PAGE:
Wednesday, April 29, 2009

Demigod: Intial Impressions

I've played a lot or RTS games, starting with Dune 2, and proceeding through a plethora of others including Warcraft, Command and Conquer, and many more. But in recent years, it seems that the emphasis has shifted towards more and more micro-management and base baby-sitting, which I don't get a lot of enjoyment from. One of the best variations (and one of my favorite games of all-time) was the Myth series. One of the best features of this game was that it focused on controlling you troops. There was no base building, and when a unit died, it was gone for the rest of that match. This allowed the player to focus on the strategy and action of the game. Alas, the company behind this game pushed out one too many games in an attempt to cash in, ended up folding under, and no one since (that I know of) has tried to resurrect this type of gameplay.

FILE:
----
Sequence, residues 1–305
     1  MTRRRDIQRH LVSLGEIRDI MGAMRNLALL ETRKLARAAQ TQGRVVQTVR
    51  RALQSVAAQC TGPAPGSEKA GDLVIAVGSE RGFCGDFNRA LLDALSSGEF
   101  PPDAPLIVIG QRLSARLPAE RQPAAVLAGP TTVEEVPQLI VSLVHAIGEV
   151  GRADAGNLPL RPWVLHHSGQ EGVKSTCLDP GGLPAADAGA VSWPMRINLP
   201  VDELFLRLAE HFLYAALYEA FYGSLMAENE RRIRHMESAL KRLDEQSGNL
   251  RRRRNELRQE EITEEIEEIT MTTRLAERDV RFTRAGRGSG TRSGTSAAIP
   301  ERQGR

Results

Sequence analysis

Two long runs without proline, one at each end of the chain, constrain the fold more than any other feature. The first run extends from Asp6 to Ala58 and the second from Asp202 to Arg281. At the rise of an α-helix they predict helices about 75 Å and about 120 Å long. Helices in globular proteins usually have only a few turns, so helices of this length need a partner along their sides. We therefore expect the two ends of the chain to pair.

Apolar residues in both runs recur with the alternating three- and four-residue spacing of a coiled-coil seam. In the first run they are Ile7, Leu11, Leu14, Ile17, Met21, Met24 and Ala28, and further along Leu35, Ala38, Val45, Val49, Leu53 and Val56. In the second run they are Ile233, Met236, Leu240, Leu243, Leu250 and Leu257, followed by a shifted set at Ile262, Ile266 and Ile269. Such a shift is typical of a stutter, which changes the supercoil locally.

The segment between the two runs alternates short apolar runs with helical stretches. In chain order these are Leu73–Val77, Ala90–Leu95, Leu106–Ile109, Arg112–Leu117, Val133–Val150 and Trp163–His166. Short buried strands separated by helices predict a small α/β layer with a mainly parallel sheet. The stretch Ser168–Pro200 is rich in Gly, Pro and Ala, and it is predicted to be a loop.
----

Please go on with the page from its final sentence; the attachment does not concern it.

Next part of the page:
Bu now, along comes Demigod! Demigod is an RTS game, and there is micro-management, but you're not worrying about sending peasants out to harvest gold or making sure that your Space Marines are securely nestled into their bunkers. That's all piddly stuff, beneath the notice of one who is aspiring to ascend to godhood. Instead you focus on your character (who can easily carve their way through waves of soldiers without breaking a sweat), crushing the pitiful mortal forces arrayed before you, clashing with enemy demigods, increasing your power and skills with battlefield experience and acquiring powerful artifacts as you and your team try to emerge victorious over the lesser contenders!

It may sound confusing and overly simple at first. "All I control is one character?" I can hear the laments even now. But, despite its seemingly shallow gameplay, once you get into it, you realize that Demigod is a complex game with enough variations to make sure that no two matches are ever exactly alike. Each Demigod has their own distinct playstyle, and even then, your strategies and options vary based on which skills you choose to focus on.